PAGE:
If someone glances at the current iteration of the Washington Wizards logo, they’ll be hard-pressed to know it has anything to do with a wizard. Now on its third version in 25 years, the current emblem is meant to look like a magic wand conjuring a spell, with the Washington Monument serving as the stick. When I spoke with local artist Chris Pyrate about the logo, it wasn’t something that jumped out right away to him. As someone who remembers the vintage wizard, the new versions don’t resonate as much.
Pyrate aims to hopefully resolve some of that lingering confusion over the Wizards with his new collaboration with D.C.’s NBA franchise. Tied to the ongoing 25-year anniversary celebration of the team, which includes throwback jerseys and merch, Pyrate developed a streetwear-influenced capsule collection that merges his style with the Wizards’ various aesthetics. The line launched on Thursday, November 10, during the Wizards game against the Mavericks.
For Pyrate, approaching this collection meant going back to the roots of the brand. When putting together his mood board, he started with the original sets of colors introduced by the Wizards a quarter century ago — orange, navy, white and black — to avoid looking like the current logos of the Wizards…and a few other sports teams around town.
“What I suggested was [those colors],” he says. “Everything [else is] patriotic. You want to stand on your own, brand-wise.” Between the Nationals, the Capitols and even some aspects of the Commanders, there’s plenty of red, white and blue to go around in D.C., which means if you’re looking to make a splash, going back to where it all started is a good idea. However, Pyrate’s collaboration will also include some elements of his cherry blossom designs, as leaving off his signature motif would make it feel incomplete.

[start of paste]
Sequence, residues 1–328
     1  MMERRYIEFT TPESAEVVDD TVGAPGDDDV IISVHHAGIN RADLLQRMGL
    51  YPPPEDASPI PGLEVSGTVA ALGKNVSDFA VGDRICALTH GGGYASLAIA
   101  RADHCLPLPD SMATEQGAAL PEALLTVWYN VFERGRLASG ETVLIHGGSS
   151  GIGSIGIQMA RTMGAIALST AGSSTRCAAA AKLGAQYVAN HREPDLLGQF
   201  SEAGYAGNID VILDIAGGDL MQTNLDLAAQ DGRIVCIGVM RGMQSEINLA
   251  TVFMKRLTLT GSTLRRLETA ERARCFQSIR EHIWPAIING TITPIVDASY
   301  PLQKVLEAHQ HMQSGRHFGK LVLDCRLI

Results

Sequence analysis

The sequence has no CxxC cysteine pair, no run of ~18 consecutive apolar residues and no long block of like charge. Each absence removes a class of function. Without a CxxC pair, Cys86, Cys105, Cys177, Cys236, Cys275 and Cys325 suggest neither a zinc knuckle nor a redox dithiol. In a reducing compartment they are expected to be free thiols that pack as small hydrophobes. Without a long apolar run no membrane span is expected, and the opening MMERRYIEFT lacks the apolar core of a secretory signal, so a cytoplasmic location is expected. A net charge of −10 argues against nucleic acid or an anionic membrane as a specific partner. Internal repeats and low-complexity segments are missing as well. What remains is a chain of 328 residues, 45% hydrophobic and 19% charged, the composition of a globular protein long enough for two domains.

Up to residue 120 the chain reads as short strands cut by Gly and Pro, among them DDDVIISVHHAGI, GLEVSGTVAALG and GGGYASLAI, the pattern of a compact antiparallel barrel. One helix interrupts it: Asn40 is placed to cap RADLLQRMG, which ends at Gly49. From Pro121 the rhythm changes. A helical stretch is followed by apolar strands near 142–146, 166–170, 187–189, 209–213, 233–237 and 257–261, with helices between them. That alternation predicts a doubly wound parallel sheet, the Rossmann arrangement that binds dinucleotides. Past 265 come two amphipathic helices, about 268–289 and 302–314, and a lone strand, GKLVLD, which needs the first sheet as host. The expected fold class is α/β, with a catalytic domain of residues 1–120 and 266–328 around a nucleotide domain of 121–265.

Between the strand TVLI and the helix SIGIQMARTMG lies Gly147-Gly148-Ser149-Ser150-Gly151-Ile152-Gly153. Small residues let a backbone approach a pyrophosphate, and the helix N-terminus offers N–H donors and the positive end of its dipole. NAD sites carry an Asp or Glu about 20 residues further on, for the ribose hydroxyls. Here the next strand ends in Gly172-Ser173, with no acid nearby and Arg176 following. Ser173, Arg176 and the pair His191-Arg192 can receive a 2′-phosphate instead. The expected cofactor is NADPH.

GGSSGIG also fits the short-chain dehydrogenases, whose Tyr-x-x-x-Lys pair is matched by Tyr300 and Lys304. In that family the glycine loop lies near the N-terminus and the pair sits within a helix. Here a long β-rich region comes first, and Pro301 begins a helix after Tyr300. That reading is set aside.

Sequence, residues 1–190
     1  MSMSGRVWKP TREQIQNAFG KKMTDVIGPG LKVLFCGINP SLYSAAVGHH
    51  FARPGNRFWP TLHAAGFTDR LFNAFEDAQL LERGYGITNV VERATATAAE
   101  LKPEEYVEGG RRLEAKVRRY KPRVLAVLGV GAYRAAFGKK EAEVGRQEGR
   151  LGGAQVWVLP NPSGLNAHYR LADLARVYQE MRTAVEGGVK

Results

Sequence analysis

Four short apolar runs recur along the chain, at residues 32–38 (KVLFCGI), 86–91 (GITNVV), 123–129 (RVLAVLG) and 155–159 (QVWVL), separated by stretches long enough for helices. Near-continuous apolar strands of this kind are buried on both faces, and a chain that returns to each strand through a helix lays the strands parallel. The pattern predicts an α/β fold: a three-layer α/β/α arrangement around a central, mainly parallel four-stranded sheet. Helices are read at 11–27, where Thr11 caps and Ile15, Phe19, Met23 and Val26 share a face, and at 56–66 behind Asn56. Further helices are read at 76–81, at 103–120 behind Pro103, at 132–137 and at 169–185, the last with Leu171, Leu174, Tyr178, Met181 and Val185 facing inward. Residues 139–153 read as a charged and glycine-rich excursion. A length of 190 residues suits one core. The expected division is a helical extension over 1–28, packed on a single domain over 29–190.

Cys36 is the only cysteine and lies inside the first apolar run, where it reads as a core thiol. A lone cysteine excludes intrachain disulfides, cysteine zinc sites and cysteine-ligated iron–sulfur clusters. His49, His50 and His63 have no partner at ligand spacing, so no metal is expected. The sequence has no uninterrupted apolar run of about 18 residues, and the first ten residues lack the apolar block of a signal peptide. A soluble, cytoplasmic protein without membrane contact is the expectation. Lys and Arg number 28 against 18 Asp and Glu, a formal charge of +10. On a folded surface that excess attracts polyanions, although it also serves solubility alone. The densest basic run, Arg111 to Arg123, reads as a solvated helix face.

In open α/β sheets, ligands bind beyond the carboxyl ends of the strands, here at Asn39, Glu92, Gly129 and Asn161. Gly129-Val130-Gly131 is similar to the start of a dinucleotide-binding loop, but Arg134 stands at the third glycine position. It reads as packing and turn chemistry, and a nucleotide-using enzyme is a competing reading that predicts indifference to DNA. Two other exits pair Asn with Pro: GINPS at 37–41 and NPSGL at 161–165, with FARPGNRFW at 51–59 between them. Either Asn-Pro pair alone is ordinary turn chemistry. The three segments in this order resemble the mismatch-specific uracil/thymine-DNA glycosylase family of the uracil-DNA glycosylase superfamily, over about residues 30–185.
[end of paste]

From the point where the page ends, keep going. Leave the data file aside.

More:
The partnership started after Saxx Booker, who used to work for the Wizards, was getting tagged in a mural Pyrate did, which incorporated elements from the old Wizards logo, asking her to bring the artist into work on something cherry blossom related. As Nike worked to develop their own cherry blossom jerseys for this year’s City Edition uniforms (Nike and the NBA have an ongoing relationship for uniform development), the Wizards saw a chance to bring Pyrate into the fold. Talks between the two started back in the winter of 2019 when the idea was presented to have Pyrate do a dedicated apparel line around the release. Pyrate insisted the collection be rooted in streetwear.
“I feel like one of the most understandable forms of communication of culture and culture direction is streetwear,” he says. “It’s for everybody. It’s for people walking around on the street! You get more accustomed to valuing comfortable clothing. It’s a down-to-earth language.”
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The streetwear appeal is definitely present. Notable standouts include a wizard pondering his orb (a basketball) clad in blossoms, a black trucker jacket reminiscent of a jersey, and a pink trucker hat with a cherry blossom on it. A lot of the collection seemed to really click into place when Pyrate started looking at the Wizard himself. In the first draft, he noticed the skin tone of the wizard was meant to be golden. But when he dropped the skin tone, it produced a Wizard that was more brown in color than gold. “I think it’s gonna really resonate,” he says.
The Wizards aren’t the first team that probably jumps to mind when you think of sports in the D.C. area. Hell, they aren’t even the most successful basketball franchise in the city. But they do have a history to them, one that’s well worth exploring and celebrating when put in the right hands. That’s certainly the aim of Pyrate, who appreciates the city’s basketball roots. While he’s not playing here, Pyrate notes that Kevin Durant once hooped here, that Michael Jordan spent time with the Wizards and that Patrick Ewing is the coach for Georgetown. There’s a basketball DNA that runs through this city — and maybe it takes someone like Pyrate to help the Wizards tell that story in a new light.
“I want to see more Wizards stuff on the street,” he said. “Not just at the game. I want to see people in D.C. wearing it like a Nationals hat.”
The collection is exclusively available at the Team Store at Capital One Arena. Additional items will also be sold in the store and online.